I think the quote from Tulku Urgyen is very relevant to the discussion. While it may be true that some practitioners can simply rest in the natural state, badaboom badabing, for most of us, there is a certain kind of effort involved. I'm not talking about gutting it out or wrestling the view to the ground and beating it into submission. In my experience, it is more of a gradual process of familiarization with the so-called natural state.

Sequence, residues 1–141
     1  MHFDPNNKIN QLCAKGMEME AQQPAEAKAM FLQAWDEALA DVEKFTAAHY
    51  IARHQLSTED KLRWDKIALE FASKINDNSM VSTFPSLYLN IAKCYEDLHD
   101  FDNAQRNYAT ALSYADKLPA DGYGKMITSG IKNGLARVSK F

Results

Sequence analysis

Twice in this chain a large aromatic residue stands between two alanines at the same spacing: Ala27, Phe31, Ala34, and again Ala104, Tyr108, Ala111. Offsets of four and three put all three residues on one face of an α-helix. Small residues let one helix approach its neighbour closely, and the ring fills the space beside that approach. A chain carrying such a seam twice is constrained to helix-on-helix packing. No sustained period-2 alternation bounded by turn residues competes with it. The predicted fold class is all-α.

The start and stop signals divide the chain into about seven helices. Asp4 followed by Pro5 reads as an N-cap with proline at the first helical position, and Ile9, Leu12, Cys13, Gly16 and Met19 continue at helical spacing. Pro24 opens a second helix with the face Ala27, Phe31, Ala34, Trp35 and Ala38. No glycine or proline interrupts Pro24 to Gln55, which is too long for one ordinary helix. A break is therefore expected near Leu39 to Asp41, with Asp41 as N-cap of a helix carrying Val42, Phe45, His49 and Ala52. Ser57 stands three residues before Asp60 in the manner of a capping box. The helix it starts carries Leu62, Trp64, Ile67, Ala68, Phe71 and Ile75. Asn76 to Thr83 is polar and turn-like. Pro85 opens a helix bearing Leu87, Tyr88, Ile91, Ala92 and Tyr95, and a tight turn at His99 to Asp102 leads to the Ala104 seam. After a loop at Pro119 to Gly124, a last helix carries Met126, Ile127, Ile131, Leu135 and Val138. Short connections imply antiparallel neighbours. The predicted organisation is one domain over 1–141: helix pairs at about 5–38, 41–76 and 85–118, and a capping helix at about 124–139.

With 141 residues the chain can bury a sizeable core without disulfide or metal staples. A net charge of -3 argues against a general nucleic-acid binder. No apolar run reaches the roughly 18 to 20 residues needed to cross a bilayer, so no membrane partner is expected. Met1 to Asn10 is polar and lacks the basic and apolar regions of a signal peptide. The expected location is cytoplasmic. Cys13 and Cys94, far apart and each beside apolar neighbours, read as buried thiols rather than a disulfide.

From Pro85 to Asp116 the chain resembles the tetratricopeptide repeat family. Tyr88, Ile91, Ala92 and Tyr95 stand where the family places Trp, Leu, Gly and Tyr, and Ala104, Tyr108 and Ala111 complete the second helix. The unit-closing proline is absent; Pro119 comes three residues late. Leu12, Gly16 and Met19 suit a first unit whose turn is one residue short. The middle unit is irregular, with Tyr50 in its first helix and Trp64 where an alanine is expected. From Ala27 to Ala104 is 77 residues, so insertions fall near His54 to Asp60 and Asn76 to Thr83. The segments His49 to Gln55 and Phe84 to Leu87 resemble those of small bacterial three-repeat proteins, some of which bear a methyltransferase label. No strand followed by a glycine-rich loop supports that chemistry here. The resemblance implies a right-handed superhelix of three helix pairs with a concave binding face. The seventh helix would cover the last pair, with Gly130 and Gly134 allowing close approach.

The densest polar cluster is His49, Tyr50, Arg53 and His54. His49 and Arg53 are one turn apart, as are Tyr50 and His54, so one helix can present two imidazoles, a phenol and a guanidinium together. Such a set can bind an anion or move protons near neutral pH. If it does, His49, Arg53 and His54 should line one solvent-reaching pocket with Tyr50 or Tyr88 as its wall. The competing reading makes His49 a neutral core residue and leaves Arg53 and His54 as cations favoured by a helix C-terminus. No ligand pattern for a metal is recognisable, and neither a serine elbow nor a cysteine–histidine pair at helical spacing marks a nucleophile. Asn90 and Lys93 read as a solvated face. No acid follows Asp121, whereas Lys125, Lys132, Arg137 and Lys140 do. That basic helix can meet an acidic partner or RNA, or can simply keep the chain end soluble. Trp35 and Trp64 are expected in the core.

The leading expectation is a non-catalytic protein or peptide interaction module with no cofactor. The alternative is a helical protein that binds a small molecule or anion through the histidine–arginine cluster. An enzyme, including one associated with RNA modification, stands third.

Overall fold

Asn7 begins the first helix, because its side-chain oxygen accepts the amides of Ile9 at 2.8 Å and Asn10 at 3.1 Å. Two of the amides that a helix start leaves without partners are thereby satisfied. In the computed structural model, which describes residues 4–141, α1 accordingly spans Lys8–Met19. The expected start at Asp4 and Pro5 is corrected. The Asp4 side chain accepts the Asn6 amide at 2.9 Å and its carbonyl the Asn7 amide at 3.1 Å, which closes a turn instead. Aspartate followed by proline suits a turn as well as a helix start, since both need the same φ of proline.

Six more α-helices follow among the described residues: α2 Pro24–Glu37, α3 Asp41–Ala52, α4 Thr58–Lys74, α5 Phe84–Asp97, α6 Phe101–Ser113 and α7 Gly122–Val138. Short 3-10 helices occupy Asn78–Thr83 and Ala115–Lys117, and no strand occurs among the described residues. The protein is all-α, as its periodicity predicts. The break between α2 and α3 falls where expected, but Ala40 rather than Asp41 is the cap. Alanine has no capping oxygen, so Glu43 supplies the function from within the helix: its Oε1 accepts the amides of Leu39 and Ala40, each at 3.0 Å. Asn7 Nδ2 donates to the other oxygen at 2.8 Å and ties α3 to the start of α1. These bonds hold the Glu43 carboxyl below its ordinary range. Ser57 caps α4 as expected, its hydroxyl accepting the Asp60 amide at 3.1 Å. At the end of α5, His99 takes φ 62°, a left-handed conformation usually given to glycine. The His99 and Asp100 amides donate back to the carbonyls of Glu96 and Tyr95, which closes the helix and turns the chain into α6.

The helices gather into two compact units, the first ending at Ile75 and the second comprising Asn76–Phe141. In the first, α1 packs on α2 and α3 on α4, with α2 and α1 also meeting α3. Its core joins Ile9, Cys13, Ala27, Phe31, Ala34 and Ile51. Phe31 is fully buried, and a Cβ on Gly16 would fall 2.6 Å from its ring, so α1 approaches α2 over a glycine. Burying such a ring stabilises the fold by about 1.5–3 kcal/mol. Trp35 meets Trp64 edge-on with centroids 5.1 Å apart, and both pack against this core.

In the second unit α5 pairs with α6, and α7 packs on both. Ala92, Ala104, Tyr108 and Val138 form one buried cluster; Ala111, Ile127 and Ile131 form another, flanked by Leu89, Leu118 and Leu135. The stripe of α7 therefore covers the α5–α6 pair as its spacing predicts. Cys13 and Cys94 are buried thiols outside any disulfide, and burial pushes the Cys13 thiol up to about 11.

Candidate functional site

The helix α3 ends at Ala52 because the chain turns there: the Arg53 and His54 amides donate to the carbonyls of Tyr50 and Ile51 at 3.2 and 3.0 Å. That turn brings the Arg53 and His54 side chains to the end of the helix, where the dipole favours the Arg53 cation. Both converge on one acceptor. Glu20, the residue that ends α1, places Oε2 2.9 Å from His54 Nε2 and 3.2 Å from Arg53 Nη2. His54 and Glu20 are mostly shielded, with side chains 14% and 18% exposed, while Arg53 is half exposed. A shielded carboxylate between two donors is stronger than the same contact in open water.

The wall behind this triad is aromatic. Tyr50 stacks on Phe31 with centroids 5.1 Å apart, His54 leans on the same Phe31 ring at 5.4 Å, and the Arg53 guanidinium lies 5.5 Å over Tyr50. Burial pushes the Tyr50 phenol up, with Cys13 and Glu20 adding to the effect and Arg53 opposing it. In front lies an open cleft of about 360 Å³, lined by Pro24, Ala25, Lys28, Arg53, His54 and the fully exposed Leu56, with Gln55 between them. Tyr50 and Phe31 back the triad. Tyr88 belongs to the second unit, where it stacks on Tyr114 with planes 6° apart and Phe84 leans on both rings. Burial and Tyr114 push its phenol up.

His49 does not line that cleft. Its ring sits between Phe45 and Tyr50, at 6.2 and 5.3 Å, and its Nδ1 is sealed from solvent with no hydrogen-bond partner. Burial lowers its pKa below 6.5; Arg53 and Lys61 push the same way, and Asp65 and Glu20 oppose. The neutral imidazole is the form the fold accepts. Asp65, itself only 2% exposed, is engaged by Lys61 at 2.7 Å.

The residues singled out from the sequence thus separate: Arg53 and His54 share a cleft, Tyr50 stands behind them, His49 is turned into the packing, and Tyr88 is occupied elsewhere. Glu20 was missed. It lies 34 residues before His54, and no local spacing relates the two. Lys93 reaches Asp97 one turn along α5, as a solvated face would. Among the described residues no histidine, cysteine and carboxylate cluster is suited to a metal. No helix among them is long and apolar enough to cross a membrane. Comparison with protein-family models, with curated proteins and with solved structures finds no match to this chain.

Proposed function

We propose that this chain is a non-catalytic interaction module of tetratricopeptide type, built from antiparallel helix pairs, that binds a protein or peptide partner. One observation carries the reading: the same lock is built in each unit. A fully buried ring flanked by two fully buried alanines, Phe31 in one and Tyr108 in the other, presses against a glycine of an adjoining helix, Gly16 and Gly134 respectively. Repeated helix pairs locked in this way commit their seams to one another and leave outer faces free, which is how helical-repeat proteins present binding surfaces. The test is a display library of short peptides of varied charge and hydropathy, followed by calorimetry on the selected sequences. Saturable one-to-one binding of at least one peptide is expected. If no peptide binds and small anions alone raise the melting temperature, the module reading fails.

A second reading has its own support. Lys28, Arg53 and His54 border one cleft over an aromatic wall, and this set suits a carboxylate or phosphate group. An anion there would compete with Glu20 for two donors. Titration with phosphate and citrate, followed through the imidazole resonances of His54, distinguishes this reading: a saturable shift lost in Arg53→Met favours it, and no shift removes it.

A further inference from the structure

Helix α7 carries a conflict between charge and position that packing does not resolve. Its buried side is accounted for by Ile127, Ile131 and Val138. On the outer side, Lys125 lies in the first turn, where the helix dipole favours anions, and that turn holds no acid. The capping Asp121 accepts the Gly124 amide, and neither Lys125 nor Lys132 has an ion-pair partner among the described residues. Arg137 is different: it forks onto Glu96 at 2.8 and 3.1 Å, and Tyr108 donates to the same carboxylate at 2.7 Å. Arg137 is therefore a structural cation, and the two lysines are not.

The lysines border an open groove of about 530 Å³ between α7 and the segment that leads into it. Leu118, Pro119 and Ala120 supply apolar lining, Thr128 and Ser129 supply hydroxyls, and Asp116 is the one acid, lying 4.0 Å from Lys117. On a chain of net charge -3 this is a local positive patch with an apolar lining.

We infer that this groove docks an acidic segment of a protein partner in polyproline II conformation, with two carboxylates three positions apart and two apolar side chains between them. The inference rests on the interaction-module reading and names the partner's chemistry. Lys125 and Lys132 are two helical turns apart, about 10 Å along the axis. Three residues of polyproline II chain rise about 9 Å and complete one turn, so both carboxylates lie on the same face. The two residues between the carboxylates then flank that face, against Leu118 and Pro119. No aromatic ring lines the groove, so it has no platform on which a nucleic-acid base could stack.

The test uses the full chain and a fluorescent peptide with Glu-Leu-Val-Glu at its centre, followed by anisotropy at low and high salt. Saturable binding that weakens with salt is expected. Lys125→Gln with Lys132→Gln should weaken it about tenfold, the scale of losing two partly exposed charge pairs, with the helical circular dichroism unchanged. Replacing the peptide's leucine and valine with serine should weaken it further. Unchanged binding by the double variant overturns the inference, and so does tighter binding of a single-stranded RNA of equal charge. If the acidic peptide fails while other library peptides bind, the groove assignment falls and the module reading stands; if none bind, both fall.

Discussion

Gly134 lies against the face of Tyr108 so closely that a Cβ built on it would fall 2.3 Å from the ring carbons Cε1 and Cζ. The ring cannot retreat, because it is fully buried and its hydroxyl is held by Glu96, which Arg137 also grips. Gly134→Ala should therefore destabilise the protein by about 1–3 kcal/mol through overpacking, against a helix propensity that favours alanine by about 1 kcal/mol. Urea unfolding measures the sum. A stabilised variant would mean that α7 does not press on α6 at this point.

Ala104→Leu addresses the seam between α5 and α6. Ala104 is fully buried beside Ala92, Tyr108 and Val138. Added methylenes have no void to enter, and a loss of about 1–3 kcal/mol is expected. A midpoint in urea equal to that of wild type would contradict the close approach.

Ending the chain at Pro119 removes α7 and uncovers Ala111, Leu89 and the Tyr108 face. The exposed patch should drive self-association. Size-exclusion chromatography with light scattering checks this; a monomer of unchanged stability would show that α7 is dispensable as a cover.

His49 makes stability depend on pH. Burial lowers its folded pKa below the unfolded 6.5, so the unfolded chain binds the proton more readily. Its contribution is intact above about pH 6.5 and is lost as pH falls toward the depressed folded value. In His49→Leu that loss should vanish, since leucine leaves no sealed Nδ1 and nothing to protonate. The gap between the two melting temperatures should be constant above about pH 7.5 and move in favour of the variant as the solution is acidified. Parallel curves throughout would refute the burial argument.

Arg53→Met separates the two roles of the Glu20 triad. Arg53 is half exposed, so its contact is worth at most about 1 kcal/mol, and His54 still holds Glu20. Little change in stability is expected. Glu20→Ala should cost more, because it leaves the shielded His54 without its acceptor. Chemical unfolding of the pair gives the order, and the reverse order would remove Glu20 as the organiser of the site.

When I started practicing a long time ago, I used to read threads like this and find them inspiring. And I'd truck along for awhile until I hit a huge obstacle, and then all that inspiration would go up in a cloud of smoke. My wish for those who read this thread is that they take the useful inspiration here and not be discouraged if this is not the way practice is for them from the beginning or all the time. This is not any kind of criticism of you, Oushi; it's what keeps flashing through my mind as I read this thread... I'm sure you know that it's very easy to say these things and an entirely different matter to realize them.